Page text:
Background: The Complications of Age-Related Macular Degeneration Prevention Trial (CAPT) is a randomized clinical trial to evaluate whether prophylactic laser treatment to the retina can prevent the complications of the advanced stage of Age-Related Macular Degeneration (AMD), the leading cause of irreversible blindness.
Methods: CAPT is conducted in 23 clinical centers and in three central resource centers. The primary outcome measure is change in visual acuity; secondary outcomes include the incidence of complications of AMD, changes in other measures of visual functioning and vision-related quality of life. In total, 1052 patients with two high-risk eyes were enrolled. One eye was randomized to receive laser treatment and the other eye to observation. All patients were treated immediately after randomization and again at 12 months, dependent on clinical status. All patients are followed via study visits and telephone calls for a minimum of five years. Study visit procedures include established tests of visual function conducted by examiners masked to the treatment assignment of each eye, a biomicroscopic examination by CAPTophthalmologists, and photographs of each eye taken according to protocol and assessed by masked graders in a centralized Photograph Reading Center.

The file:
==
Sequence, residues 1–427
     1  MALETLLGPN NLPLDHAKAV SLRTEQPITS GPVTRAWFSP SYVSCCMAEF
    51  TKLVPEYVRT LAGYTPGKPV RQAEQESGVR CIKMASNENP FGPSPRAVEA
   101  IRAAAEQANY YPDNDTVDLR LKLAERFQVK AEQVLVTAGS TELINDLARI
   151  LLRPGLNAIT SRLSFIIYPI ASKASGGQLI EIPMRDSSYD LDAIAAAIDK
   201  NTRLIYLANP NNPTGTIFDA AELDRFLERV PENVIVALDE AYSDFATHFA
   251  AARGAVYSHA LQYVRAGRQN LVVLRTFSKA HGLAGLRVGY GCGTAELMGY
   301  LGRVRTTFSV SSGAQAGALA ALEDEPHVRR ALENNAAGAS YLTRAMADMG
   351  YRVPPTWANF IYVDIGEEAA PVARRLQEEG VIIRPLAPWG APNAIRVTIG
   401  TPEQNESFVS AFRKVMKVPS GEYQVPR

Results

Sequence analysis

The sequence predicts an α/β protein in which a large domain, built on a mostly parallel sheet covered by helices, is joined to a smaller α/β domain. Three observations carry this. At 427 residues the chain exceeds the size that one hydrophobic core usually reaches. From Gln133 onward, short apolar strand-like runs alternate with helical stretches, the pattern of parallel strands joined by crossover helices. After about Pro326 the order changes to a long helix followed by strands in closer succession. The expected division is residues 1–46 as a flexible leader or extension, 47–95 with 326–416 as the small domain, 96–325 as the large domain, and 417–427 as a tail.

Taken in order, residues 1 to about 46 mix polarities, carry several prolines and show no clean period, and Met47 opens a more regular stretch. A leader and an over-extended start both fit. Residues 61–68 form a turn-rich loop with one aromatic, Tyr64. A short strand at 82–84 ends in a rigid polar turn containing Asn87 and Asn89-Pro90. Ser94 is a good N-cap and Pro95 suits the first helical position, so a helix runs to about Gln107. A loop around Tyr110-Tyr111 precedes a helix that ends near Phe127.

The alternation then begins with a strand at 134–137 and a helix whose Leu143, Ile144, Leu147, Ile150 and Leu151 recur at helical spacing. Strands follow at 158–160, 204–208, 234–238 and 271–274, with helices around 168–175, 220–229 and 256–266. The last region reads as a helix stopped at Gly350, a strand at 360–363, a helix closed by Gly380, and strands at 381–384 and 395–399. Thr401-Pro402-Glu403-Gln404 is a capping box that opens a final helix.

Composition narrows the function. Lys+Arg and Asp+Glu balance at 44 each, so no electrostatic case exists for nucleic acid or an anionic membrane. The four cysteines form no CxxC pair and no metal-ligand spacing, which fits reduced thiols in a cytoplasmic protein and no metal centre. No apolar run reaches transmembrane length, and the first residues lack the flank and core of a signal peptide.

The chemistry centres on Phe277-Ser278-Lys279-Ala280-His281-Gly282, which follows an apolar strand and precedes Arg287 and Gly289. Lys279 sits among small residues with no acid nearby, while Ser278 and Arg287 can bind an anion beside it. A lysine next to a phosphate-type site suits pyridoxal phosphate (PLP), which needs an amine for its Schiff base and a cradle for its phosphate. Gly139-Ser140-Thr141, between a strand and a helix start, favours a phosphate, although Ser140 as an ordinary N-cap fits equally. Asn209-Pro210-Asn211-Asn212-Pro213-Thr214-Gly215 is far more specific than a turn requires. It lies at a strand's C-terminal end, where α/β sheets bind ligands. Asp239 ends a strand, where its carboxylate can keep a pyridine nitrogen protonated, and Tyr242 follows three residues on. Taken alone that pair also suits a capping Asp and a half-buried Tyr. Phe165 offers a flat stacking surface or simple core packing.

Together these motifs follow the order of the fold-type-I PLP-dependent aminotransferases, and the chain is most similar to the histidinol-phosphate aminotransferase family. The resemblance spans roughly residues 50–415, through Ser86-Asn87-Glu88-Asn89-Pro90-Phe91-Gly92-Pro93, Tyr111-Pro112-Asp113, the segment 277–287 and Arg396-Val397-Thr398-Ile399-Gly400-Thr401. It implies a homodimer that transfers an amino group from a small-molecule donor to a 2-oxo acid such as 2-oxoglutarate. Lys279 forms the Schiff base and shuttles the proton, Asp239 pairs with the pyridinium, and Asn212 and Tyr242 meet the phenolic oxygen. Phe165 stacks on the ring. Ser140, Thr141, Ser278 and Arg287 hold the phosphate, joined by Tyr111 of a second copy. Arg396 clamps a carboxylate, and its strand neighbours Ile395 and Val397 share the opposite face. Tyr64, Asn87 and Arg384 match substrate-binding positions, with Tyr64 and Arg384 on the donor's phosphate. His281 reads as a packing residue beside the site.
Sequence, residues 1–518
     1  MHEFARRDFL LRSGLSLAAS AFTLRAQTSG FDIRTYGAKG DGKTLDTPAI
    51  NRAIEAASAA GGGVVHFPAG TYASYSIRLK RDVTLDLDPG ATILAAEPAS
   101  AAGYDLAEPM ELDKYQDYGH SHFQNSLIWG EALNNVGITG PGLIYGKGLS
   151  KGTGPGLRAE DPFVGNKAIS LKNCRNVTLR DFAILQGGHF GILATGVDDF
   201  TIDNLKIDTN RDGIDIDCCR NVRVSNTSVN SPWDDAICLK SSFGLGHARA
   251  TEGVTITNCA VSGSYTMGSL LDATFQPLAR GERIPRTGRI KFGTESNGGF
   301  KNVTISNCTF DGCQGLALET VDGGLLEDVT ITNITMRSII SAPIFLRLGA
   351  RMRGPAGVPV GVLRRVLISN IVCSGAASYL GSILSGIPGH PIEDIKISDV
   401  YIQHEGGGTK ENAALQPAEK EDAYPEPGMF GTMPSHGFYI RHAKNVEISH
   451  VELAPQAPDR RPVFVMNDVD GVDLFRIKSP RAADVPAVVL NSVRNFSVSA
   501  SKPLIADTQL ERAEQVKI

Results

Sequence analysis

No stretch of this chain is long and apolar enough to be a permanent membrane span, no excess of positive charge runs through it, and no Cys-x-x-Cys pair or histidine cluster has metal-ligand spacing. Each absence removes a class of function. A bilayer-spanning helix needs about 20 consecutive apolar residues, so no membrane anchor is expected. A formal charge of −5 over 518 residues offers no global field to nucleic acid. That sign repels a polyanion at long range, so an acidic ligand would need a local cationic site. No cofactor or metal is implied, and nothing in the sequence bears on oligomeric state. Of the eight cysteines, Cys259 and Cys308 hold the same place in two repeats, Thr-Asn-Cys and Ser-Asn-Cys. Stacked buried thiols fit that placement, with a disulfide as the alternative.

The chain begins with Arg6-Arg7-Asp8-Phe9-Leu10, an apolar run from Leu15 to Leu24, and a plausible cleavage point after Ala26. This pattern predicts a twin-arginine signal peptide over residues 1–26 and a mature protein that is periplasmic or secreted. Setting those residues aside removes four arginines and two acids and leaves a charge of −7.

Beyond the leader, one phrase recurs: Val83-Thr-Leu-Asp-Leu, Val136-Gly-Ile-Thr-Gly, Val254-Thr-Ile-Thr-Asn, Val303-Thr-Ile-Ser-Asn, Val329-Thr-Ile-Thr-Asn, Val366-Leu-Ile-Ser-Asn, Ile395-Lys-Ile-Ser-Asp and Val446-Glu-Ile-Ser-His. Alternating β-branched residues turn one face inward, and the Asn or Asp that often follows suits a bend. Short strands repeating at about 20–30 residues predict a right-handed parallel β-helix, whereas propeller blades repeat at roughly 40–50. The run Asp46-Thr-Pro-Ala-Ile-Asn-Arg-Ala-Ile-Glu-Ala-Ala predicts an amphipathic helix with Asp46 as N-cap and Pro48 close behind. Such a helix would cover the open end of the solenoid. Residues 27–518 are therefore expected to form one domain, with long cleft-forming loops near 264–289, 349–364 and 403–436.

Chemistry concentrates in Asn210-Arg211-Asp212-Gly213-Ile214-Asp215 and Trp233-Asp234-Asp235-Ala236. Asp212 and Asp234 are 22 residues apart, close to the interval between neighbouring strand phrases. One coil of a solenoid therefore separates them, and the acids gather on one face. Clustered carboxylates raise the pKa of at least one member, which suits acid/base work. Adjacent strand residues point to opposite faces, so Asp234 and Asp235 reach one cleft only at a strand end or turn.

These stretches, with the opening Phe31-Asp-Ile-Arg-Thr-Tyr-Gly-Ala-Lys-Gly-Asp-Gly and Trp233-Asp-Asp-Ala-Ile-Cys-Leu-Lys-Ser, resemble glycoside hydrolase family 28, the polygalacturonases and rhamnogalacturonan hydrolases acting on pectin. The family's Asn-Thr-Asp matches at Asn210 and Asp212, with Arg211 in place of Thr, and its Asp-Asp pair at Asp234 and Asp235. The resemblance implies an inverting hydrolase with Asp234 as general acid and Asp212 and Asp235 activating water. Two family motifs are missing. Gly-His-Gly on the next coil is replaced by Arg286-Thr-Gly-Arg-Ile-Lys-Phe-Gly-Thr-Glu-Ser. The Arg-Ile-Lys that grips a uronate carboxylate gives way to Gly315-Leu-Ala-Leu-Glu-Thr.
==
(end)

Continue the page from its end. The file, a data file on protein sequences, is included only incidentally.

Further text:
Results: This paper describes the CAPT study, including study rationale, operational structure, and measures implemented to ensure standardization of assessments, adherence to protocol, quality assurance, and maintaining follow-up. Several features related to study design and procedures that are specific to CAPT are highlighted, including clinic selection and judgements regarding patient eligibility.
Conclusions: An intervention that can reduce the risk of advanced AMD by 30% in the eyes of people with two high-risk eyes may halve the rate of bilateral blindness from AMD. It would also yield substantial savings in expenditures devoted to treating advanced AMD and the disability it causes, and enhance the quality of life for people at risk.